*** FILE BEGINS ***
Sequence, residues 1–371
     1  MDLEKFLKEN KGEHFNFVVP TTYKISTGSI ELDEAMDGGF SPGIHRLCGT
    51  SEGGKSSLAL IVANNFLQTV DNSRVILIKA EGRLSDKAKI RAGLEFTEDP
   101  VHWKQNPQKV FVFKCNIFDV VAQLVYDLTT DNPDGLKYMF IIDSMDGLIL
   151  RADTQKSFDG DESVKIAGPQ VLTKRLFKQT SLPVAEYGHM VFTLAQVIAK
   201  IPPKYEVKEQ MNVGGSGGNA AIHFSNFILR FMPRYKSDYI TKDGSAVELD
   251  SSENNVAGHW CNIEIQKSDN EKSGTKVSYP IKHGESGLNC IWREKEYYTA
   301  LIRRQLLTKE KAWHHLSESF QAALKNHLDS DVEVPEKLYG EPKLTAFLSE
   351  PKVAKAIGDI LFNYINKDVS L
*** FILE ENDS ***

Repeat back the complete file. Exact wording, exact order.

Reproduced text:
Sequence, residues 1–371
     1  MDLEKFLKEN KGEHFNFVVP TTYKISTGSI ELDEAMDGGF SPGIHRLCGT
    51  SEGGKSSLAL IVANNFLQTV DNSRVILIKA EGRLSDKAKI RAGLEFTEDP
   101  VHWKQNPQKV FVFKCNIFDV VAQLVYDLTT DNPDGLKYMF IIDSMDGLIL
   151  RADTQKSFDG DESVKIAGPQ VLTKRLFKQT SLPVAEYGHM VFTLAQVIAK
   201  IPPKYEVKEQ MNVGGSGGNA AIHFSNFILR FMPRYKSDYI TKDGSAVELD
   251  SSENNVAGHW CNIEIQKSDN EKSGTKVSYP IKHGESGLNC IWREKEYYTA
   301  LIRRQLLTKE KAWHHLSESF QAALKNHLDS DVEVPEKLYG EPKLTAFLSE
   351  PKVAKAIGDI LFNYINKDVS L